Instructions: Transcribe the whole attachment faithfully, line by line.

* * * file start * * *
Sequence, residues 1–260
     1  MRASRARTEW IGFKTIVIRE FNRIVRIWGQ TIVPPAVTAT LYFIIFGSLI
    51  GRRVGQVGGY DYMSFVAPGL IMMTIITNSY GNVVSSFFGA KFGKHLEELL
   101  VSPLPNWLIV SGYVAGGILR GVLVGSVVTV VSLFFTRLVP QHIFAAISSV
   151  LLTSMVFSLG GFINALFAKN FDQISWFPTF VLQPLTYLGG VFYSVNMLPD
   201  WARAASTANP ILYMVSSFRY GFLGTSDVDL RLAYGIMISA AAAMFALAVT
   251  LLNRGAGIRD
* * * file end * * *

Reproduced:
Sequence, residues 1–260
     1  MRASRARTEW IGFKTIVIRE FNRIVRIWGQ TIVPPAVTAT LYFIIFGSLI
    51  GRRVGQVGGY DYMSFVAPGL IMMTIITNSY GNVVSSFFGA KFGKHLEELL
   101  VSPLPNWLIV SGYVAGGILR GVLVGSVVTV VSLFFTRLVP QHIFAAISSV
   151  LLTSMVFSLG GFINALFAKN FDQISWFPTF VLQPLTYLGG VFYSVNMLPD
   201  WARAASTANP ILYMVSSFRY GFLGTSDVDL RLAYGIMISA AAAMFALAVT
   251  LLNRGAGIRD